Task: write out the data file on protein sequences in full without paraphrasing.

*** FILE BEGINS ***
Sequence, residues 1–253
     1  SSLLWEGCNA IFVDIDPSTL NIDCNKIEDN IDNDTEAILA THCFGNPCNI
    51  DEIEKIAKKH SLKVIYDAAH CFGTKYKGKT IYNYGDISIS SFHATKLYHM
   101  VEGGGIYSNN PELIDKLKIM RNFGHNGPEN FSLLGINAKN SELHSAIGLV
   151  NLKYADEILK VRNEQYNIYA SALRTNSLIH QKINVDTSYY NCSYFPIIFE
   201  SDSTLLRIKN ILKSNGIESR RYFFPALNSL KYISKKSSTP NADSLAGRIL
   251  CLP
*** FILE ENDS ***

Sequence, residues 1–253
     1  SSLLWEGCNA IFVDIDPSTL NIDCNKIEDN IDNDTEAILA THCFGNPCNI
    51  DEIEKIAKKH SLKVIYDAAH CFGTKYKGKT IYNYGDISIS SFHATKLYHM
   101  VEGGGIYSNN PELIDKLKIM RNFGHNGPEN FSLLGINAKN SELHSAIGLV
   151  NLKYADEILK VRNEQYNIYA SALRTNSLIH QKINVDTSYY NCSYFPIIFE
   201  SDSTLLRIKN ILKSNGIESR RYFFPALNSL KYISKKSSTP NADSLAGRIL
   251  CLP